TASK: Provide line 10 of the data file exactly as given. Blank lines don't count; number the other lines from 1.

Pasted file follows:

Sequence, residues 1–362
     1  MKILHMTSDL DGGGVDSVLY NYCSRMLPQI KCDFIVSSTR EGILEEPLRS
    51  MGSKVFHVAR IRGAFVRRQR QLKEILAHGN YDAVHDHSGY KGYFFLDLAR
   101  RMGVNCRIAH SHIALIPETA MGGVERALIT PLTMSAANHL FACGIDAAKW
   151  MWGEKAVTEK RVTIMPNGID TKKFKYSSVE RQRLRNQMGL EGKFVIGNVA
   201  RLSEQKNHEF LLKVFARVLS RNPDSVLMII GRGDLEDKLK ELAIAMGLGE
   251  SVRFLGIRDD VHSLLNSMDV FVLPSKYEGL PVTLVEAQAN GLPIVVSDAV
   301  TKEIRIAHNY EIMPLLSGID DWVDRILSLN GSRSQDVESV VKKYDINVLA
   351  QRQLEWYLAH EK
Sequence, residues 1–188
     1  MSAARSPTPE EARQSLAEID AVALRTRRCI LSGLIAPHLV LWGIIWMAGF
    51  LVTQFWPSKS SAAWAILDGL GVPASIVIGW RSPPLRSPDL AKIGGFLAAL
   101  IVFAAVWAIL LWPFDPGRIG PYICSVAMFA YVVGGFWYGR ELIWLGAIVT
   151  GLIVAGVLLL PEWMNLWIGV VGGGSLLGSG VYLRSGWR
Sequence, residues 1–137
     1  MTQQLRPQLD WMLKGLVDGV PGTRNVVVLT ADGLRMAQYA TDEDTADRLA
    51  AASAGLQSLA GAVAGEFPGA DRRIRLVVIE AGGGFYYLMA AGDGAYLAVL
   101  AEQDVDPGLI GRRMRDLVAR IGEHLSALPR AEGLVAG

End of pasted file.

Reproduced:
Sequence, residues 1–188